Oct. 15 (Bloomberg) -- Republicans and Democrats in Florida are casting early mail ballots in similar numbers, wiping away an advantage that Republicans have typically held in the swing state and posing a potential setback for Mitt Romney, the party’s presidential candidate.
Republicans have dominated early absentee voting in recent Florida elections, which Democrats traditionally offset with higher turnout at polling places open prior to Election Day. During the first week of mail voting in advance of the Nov. 6 election, Democrats are slightly behind Republicans.
“It’s not good news for Republicans,” said Brad Gomez, a political science professor at Florida State University in Tallahassee, who studies voter turnout. “Republicans would prefer their advantage they’ve seen in past years.”
Small shifts in voting can have a significant impact in Florida, one of the states that strategists in both parties say will help determine whether President Barack Obama is re-elected. Three of the past five presidential elections in the state have been decided by less than three percentage points, including Republican George W. Bush’s 537-vote victory in 2000 that won him the White House. Florida was one of nine states that Bush carried in winning re-election in 2004 and that Obama, a Democrat, won in 2008.
Out of about 275,000 absentee ballots returned to election offices through Oct. 13, 44 percent are from registered Republicans while Democrats account for 40 percent, according to numbers provided by Romney’s campaign and the Florida Democratic Party. The data is exempt from state public records law. Political parties and candidates are able to obtain and release the information.
That 4-percentage-point edge is down from 17 points that Republicans had at the same point during the 2008 presidential election.
About 2.2 million Florida voters have requested absentee ballots, up from 1.6 million at this point in 2008, according to numbers provided by Romney’s campaign and the Florida Democratic Party. About 42 percent of requests this year are from Republicans, while Democrats account for 39 percent. Four years ago at this point, a 14-percentage-point gap favored Republicans.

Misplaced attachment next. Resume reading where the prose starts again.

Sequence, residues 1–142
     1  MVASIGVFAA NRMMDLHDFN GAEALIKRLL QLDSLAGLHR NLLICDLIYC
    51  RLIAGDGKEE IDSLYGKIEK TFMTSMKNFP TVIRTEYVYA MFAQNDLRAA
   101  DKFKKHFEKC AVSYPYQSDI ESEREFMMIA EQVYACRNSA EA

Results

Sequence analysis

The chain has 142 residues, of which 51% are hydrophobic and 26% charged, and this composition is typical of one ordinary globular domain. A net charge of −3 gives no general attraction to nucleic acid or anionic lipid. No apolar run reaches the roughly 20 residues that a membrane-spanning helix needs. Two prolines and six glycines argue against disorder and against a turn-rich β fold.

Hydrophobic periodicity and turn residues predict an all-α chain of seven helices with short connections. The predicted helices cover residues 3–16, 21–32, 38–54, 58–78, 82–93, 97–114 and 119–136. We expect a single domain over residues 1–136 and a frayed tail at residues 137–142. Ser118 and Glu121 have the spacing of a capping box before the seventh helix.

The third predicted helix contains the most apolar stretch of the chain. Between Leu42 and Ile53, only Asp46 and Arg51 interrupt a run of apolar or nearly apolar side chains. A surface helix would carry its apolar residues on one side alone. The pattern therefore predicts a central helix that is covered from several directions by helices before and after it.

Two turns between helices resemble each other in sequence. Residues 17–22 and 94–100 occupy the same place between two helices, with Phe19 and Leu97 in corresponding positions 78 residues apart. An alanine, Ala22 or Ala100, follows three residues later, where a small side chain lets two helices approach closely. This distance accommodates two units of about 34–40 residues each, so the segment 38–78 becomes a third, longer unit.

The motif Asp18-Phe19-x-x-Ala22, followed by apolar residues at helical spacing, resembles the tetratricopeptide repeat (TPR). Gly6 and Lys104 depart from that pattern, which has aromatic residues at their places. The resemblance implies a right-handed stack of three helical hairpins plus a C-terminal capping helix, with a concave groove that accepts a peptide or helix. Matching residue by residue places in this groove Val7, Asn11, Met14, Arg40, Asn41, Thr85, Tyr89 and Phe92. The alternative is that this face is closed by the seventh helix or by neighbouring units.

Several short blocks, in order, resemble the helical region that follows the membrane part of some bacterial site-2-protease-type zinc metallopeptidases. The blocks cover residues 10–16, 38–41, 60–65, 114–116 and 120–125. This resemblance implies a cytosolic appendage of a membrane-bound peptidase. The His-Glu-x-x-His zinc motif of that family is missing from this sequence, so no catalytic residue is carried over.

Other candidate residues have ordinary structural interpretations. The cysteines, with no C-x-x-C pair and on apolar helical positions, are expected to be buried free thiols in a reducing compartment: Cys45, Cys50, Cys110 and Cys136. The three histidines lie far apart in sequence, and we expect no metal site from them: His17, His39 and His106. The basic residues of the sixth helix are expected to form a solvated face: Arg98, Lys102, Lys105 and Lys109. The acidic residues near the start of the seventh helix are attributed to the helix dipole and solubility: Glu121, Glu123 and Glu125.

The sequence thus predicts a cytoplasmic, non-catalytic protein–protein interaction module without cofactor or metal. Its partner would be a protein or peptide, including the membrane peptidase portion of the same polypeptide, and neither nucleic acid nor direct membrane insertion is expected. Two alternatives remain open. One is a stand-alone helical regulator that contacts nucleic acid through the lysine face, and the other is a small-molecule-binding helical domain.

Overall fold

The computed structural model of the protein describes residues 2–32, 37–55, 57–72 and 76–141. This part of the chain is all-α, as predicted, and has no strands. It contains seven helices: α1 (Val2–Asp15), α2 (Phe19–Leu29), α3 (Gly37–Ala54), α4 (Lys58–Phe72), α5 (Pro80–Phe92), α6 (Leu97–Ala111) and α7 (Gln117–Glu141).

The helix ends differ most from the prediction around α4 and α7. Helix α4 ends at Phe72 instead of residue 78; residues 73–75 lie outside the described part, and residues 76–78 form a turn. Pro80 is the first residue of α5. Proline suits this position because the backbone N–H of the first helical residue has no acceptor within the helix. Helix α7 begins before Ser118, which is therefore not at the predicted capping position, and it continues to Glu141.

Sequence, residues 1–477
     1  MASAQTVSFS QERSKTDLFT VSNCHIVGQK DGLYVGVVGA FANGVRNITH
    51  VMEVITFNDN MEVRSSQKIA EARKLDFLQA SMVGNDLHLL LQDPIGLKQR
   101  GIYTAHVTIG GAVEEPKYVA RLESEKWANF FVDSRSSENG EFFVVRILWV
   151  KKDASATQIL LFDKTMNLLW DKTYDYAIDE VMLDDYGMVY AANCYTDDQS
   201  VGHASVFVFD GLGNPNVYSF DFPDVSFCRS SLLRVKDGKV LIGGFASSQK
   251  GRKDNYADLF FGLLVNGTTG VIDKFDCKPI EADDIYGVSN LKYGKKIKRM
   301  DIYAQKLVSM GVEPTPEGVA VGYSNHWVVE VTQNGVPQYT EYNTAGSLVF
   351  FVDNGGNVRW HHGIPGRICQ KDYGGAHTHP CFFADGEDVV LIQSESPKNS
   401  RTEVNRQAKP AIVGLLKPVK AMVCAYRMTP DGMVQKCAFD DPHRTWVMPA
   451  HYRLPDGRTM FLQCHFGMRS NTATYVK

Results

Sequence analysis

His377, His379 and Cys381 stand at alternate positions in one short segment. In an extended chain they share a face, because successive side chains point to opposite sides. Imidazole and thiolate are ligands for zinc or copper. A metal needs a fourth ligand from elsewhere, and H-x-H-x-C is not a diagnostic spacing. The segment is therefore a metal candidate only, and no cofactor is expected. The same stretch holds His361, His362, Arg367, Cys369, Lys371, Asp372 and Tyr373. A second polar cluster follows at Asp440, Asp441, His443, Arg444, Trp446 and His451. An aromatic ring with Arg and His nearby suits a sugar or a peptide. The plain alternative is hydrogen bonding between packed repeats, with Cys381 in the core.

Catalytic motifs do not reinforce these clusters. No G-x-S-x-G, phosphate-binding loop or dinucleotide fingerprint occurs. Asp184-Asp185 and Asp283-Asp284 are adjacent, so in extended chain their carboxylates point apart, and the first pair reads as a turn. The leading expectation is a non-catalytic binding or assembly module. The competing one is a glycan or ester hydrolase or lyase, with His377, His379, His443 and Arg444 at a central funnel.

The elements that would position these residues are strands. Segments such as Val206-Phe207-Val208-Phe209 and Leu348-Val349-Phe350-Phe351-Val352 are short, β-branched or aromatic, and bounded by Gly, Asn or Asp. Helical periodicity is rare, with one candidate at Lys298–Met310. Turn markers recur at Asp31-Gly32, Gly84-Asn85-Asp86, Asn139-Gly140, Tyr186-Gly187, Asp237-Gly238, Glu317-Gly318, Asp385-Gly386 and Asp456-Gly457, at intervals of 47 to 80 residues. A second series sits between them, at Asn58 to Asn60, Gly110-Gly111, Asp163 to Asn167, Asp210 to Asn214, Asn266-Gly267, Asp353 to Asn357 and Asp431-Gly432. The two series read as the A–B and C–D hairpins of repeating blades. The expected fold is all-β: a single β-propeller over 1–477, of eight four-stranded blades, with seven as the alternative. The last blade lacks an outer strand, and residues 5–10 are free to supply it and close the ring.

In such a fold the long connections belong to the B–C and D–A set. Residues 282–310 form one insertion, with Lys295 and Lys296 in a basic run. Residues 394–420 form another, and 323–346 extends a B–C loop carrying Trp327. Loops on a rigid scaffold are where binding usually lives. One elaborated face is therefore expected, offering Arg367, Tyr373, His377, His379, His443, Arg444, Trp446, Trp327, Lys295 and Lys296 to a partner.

“It’s not time for panic, but I’m certainly concerned,” said Dave Weldon, a former U.S. House member from Florida and chairman of Romney’s social conservatives committee in the state.
“Those are numbers the party needs to be concerned with and focus on ramping up,” said Kimberly Mitchell, a West Palm Beach commissioner and co-chairwoman for the Romney campaign in Palm Beach County. “When you see your opposition working to compete in an area you’ve always been strong in, you need to focus on it.”
In Florida, anyone can cast an absentee ballot by mail through the Nov. 6 election. Polls are open for early voting from Oct. 27 to Nov. 3.
Brett Doster, a Romney campaign consultant in Florida, said Democrats voting by mail likely are the ones who otherwise would have voted early in person. Republican voters still will cast more ballots in Florida before election day polls open, he said.
“I’m confident we’re going to have that advantage,” Doster said.
Republicans have had a significant advantage over Democrats in absentee voting for more than two decades, said Daniel Smith, a political science professor at University of Florida in Gainesville.
Obama overcame the deficit four years ago with massive turnout at early voting polls and won Florida by 2.7 percentage points.
Democrats have closed the gap by targeting voters who might not have otherwise cast a ballot, said Eric Jotkoff, an Obama campaign spokesman in Florida. The Democrats’ focus on absentee voting followed a state law last year that cut early voting at the polls from 15 to eight days.
Democrats have enlisted about 1,100 part-time fellows, among others, to register voters and sign them up for mail ballots, he said. The Obama campaign has 102 offices, up from 58 in Florida four years ago. About 326,600 new voters have been registered by Democrats, according to the state elections division, up from 200,000 in 2008, Jotkoff said, citing a Miami Herald story from the time.
“We see huge excitement and enthusiasm across the state and this is another sign,” Jotkoff said.
Campaign staff members are asking Democratic voters to show up at county election offices, request a mail-in ballot and fill it out on site, he said.
Republicans have signed up about 49,000 new voters in Florida, state data show, and have 47 offices for the presidential campaign, Doster said. He declined to give comparable numbers from 2008.
About 2,000 workers were hired in Florida to help Republicans sign up new voters, said Nathan Sproul, whose Glen Allen, Virginia-based Strategic Allied Consulting was hired by the party. Republicans ended their voter sign-up program last month after the company was accused of submitting fraudulent registrations.
Romney has led Obama in six of the eight state polls released since an Oct. 3 debate between the two in Denver.
In Romney’s best showing, he led 51 percent to 44 percent in a poll from Washington-based Mason-Dixon Polling & Research released Oct. 11 by the Tampa Bay Times and other Florida media outlets. The poll surveyed 800 likely voters from Oct. 8 to Oct. 10 with a 3.5 percentage point margin of error.
Obama led 48 percent to 47 percent in a poll released the same day from Poughkeepsie, New York-based Marist College. That poll, sponsored by NBC News and the Wall Street Journal, surveyed 988 likely voters from Oct. 7 to Oct. 9 with a 3.1 percentage point margin of error.
Romney’s team in Florida needs to build a larger margin among mail ballots, said state Senator Mike Bennett, a Sarasota Republican and one of the state’s first elected officials to endorse the former Massachusetts governor.
“In an election this close, everything is cause for concern,” Bennett said.
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